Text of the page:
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Randy Steward
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Charts in illustrator suck

Jan 31, 2013 10:02 AM

Tags: #charts

We all know it. So what do you guys do to circumvent it. It looks like excel charts copied into illustrator is one way.


We are experiencing a problem with that though, (using numbers on mac not excel) it is "fudging" some of the data points if there is a large number of them. For our purposes this is unacceptable.


Ultimately the data needs to be in indesign anyway so if there are ways for charts to be generated in indesign, that'd be optimal, but I know where I can draw the line. Here is what I'm dealing with:


  • Deadlines are quick so we don't have tons of time to dick with charts
  • We need to maintain a very high level of accuracy
  • The data changes on a regular basis (adding new data points)
  • The size of the chart changes regularly (to fit a variety of contexts)
  • The charts are designed, meaning if we use illustrators native chart function we have to "reapply" the style after adding data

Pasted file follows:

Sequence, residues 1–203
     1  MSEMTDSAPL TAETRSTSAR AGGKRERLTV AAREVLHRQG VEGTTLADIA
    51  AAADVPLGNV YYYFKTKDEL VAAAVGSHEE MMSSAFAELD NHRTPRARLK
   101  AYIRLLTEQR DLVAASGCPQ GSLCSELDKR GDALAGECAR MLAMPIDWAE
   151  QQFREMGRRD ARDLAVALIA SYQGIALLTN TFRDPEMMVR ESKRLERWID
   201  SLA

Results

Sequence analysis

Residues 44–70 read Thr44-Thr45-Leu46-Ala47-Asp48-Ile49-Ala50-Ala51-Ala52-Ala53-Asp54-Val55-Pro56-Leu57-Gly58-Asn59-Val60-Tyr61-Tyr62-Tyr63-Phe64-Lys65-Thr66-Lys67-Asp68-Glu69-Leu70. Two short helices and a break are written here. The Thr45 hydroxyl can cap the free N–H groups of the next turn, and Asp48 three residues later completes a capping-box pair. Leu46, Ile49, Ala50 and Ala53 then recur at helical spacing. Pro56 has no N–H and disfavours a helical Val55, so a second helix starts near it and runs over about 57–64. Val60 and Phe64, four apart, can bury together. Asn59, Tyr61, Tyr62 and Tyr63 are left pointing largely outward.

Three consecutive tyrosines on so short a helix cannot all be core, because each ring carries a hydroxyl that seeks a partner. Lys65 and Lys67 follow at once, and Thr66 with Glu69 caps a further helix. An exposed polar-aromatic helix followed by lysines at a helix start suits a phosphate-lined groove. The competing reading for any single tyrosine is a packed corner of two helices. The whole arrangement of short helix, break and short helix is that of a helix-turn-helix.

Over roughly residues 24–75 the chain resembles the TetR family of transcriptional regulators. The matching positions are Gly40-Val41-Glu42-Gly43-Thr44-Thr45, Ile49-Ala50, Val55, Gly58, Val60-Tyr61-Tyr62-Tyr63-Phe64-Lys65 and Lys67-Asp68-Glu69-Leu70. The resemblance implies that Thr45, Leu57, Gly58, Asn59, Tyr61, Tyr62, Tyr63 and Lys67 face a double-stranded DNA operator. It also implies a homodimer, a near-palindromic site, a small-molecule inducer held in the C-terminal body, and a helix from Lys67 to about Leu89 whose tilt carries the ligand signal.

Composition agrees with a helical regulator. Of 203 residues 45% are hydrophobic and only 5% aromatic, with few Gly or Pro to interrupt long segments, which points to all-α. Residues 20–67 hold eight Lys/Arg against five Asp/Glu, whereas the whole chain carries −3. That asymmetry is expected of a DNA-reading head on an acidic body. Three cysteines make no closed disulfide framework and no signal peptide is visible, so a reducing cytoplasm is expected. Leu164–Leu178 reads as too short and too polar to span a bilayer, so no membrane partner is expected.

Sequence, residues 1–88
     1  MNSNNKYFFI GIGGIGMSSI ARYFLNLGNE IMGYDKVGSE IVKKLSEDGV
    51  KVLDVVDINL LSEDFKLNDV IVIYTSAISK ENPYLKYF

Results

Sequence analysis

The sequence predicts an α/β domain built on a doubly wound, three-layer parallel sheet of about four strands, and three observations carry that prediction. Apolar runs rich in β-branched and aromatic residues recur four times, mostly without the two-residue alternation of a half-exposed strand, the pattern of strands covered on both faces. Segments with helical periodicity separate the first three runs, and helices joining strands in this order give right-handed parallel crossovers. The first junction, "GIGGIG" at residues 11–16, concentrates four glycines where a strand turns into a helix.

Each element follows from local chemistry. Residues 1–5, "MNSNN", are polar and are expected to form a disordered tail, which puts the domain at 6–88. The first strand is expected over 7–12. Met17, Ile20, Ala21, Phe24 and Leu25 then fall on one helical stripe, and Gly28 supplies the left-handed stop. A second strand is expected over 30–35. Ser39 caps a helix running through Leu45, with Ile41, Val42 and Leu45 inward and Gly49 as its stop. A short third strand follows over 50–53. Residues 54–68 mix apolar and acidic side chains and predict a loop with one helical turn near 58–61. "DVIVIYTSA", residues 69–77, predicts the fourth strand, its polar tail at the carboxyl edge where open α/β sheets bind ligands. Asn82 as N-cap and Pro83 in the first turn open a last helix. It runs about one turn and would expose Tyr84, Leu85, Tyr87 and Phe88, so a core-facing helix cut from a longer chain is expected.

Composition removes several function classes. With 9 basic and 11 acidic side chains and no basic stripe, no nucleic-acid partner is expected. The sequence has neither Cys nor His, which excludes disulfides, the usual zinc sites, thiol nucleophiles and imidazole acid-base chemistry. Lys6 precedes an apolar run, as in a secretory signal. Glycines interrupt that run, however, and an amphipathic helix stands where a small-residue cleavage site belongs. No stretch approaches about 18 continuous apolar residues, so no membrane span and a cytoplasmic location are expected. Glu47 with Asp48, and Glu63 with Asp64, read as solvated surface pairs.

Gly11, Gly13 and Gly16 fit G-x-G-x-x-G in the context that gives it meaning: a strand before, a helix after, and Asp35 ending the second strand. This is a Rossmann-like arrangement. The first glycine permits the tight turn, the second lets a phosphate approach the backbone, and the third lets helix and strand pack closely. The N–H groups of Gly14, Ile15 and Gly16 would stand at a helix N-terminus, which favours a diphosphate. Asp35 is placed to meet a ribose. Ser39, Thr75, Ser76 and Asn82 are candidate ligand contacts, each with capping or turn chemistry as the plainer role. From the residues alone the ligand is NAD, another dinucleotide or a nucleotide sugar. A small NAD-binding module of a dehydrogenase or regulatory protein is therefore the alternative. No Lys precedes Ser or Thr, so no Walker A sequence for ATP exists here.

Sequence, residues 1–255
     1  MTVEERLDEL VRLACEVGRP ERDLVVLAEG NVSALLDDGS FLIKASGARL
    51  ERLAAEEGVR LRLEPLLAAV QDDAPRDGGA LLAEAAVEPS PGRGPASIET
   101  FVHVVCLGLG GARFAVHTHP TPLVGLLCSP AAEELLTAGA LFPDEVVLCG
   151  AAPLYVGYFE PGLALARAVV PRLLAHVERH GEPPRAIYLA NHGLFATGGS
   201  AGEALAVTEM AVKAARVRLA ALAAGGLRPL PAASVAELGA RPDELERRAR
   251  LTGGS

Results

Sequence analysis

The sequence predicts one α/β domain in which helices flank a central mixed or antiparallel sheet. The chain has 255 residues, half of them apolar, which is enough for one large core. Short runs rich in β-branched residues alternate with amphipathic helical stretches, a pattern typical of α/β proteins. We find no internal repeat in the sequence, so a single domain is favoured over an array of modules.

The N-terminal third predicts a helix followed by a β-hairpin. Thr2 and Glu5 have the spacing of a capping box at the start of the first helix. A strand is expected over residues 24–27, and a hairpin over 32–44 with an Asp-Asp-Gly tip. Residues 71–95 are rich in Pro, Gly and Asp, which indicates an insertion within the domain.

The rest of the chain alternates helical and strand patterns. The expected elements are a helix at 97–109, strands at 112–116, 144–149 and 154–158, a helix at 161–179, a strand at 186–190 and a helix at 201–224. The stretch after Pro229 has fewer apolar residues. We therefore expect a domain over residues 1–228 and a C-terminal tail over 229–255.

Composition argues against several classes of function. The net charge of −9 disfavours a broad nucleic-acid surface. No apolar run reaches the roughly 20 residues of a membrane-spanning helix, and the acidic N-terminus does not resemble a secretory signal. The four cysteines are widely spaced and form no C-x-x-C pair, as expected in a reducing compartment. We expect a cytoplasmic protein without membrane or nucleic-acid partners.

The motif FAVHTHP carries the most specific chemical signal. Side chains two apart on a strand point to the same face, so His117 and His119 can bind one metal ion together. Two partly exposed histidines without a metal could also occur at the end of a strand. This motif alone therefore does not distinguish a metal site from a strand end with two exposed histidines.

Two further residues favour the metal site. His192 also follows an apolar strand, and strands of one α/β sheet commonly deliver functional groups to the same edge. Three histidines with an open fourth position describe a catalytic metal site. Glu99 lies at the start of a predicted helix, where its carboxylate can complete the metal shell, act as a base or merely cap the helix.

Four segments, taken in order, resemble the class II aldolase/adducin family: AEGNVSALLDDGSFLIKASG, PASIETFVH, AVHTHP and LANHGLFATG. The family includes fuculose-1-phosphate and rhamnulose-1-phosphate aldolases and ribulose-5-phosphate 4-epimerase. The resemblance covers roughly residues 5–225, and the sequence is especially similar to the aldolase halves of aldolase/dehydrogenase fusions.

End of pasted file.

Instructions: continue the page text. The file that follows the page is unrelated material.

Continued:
I'm certain I'm not the only one with this mess of a situation so what are people doing to fix it? Indesign and Illustrator options welcome. Different softwar for creating charts, or plugin options are welcome. Just tell me what you do to deal with this I don't care what the solution is. I'm just at a complete loss here.

  • Currently Being Moderated
    Jan 31, 2013 10:17 PM   in reply to Randy Steward

    So what do you guys do to circumvent it.


    You don't use it. EasyStat, Mathematica even OpenOffice and Inkskape offer better tools for this.



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    Feb 4, 2013 7:22 PM   in reply to Randy Steward

    Learn Mathematica/ MathLab and use their scripting languages to create a template project or use their built-in CSV/ XLSX importers. Opens up tons of possibilities and they can render this stuff even to 3D-ish SVGs which you than can easily convert and refine in AI. The cheapest option would be to get a home license of Mathematica to learn this stuff, then move on to a commercial license. MathLab and EasyStat are much more expensive and are more aimed at professionals and industrial/ scientific applications, but depending on your workflows might still be worth considering...



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    Feb 5, 2013 8:26 AM   in reply to Randy Steward

    You might also check out DeltaGraph.



    It's $300. I used to be a heavy user of it a decade ago for scientific and financial work, and thought it was great. I would eagerly go back it if I had the need for it. (Have been making-do with Illustrator since, in order to collaborate with other users.)

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